**Branch :**Computer Science and Engineering

**Subject :**Compiler design

**Unit :**Syntax-directed Translation

## Optimization of Basic Blocks

**Introduction:** Optimization is the process of transforming a piece of code to make more efficient (either in terms of time or space) without changing its output or side-effects. The only difference visible to the code’s user should be that it runs faster and/or consumes less memory. It is really a misnomer that the name implies you are finding an "optimal" solution— in truth, optimization aims to improve, not perfect, the result.

We can often obtain a substantial improvement in the running time of code merely by performing local optimization within each basic block by itself. More thorough global optimization, which looks at how information flows among the basic blocks of a program, is covered in later chapters, starting with Chapter 9. It is a complex subject, with many different techniques to consider.

**The DAG Representation of Basic Blocks: **Many important techniques for local optimization begin by transforming a basic block into a DAG (directed acyclic graph). In Section 6.1.1, we introduced the DAG as a representation for single expressions. The idea extends naturally to the collection of expressions that are created within one basic block. We construct a DAG for a basic blockas follows:

1. There is a node in the DAG for each of the initial values of the variables appearing in the basic block.

2. There is a node N associated with each statement s within the block. The children of N are those nodes corresponding to statements that are the last definitions, prior to s, of the operands used by s.

3. Node N is labeled by the operator applied at s, and also attached to N is the list of variables for which it is the last definition within the block.

4. Certain nodes are designated output nodes. These are the nodes whose variables are live on exit from the block; that is, their values may be used later, in another block of the flow graph. Calculation of these "live variables" is a matter for global flow analysis, discussed in Section 9.2.5.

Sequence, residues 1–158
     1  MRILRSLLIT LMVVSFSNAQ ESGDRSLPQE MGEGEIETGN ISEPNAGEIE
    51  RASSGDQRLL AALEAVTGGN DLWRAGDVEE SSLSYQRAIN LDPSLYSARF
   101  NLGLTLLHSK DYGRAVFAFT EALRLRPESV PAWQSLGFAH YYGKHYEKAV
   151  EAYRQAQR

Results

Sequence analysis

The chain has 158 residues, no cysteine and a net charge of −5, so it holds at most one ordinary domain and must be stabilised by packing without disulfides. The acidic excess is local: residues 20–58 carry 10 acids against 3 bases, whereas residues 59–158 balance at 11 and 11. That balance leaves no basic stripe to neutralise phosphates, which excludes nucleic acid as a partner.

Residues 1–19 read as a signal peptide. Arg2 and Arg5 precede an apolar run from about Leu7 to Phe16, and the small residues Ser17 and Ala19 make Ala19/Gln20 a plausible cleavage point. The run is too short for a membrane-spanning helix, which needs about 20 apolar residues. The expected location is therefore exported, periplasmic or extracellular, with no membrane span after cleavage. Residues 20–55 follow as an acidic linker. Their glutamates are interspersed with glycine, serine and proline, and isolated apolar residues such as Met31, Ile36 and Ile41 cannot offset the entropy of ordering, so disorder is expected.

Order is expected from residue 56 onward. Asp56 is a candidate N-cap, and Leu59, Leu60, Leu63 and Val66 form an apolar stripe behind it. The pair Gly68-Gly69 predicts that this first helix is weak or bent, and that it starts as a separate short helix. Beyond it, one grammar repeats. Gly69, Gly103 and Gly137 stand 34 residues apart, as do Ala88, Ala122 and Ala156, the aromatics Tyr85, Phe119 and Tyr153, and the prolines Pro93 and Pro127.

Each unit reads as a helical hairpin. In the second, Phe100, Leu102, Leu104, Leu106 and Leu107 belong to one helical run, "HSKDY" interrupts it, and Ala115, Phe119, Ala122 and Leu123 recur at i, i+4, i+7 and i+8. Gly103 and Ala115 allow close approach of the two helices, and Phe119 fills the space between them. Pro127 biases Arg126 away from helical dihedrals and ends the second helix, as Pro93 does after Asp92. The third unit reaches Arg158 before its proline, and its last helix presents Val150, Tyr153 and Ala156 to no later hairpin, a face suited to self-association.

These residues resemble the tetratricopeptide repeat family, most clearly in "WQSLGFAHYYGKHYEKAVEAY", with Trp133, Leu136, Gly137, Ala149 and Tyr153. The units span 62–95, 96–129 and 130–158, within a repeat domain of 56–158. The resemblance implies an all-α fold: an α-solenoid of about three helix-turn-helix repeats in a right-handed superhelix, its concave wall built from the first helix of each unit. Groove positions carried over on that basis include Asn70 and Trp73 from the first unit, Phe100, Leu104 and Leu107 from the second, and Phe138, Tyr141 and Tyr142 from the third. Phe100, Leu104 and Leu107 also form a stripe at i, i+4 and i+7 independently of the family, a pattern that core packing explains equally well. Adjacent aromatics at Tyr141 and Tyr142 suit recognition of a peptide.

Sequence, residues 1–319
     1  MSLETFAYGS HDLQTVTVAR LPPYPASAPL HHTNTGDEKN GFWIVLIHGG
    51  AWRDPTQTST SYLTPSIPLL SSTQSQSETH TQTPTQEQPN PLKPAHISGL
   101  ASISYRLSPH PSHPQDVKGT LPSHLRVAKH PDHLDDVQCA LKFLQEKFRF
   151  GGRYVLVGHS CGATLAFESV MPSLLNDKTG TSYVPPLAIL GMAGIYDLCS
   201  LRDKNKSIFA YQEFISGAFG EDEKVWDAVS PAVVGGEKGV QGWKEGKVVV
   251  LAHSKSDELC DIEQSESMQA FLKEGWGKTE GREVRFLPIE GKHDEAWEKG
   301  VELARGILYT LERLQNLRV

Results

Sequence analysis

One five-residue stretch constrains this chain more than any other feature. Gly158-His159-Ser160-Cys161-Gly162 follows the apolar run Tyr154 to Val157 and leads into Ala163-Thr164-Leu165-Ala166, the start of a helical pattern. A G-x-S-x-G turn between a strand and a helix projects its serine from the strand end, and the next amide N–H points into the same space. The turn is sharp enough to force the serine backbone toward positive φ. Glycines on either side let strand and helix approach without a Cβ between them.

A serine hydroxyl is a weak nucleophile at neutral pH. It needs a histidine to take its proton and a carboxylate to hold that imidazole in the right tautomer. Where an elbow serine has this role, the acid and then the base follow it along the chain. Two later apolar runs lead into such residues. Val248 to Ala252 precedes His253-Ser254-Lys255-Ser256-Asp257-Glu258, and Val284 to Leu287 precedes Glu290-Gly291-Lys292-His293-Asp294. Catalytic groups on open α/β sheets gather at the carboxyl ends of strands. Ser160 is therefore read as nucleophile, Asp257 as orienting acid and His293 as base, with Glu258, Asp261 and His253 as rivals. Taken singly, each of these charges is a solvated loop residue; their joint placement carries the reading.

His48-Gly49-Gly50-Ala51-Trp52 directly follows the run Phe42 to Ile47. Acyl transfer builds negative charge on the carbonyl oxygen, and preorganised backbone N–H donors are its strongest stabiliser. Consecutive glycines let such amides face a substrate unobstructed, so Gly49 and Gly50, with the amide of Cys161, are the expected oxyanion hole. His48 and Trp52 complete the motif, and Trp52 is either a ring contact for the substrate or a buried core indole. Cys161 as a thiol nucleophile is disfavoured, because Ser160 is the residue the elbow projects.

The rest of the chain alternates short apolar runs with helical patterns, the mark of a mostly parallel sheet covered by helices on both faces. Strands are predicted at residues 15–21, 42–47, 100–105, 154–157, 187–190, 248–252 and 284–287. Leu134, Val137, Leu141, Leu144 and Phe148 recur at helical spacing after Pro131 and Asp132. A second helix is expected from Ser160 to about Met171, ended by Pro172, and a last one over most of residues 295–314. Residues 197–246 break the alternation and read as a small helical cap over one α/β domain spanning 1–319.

**The DAG representation of a basic block lets us perform several code improving transformations on the code represented by the block.**

a) We can eliminate local common subexpressions, that is, instructions that compute a value that has already been computed.

b) We can eliminate dead code, that is, instructions that compute a value that is never used.

c) We can reorder statements that do not depend on one another; such reordering may reduce the time a temporary value needs to be preserved in a register.

d) We can apply algebraic laws to reorder operands of three-addaddress instructions, and sometimes thereby simplify the computation.

**Finding Local Common Subexpressions: **Common subexpressions can be detected by noticing, as a new node *M *is aboutto be added, whether there is an existing node *N *with the same children, inthe same order, and with the same operator. If so, TV computes the same valueas *M *and may be used in its place. This technique was introduced as the"value-number" method of detecting common subexpressions in Section 6.1.1.

**Example**: A DAG for the block

**a **= b **c**

b = **a **- d

**c **= b **c**

d = **a **- d

is shown in Fig. 8.12. When we construct the node for the third statement **c **= b **c, **we know that the use of b in b **c **refers to the node of Fig. 8.12 labeled -, because that is the most recent definition of b. Thus, we do not confuse the values computed at statements one and three.

However, the node corresponding to the fourth statement d = a - d has the operator - and the nodes with attached variables a and do as children. Since the operator and the children are the same as those for the node corresponding to statement two, we do not create this node, but add d to the list of definitions for the node labeled.

It might appear that, since there are only three nonleaf nodes in the DAG of Fig. 8.12, the basic block in Example 8.10 can be replaced by a block with only three statements. In fact, if b is not live on exit from the block, then we do not need to compute that variable, and can use d to receive the value represented by the node labeled —. in Fig. 8.12. The block then becomes However, if both b and d are live on exit, then a fourth statement must be used to copy the value from one to the other.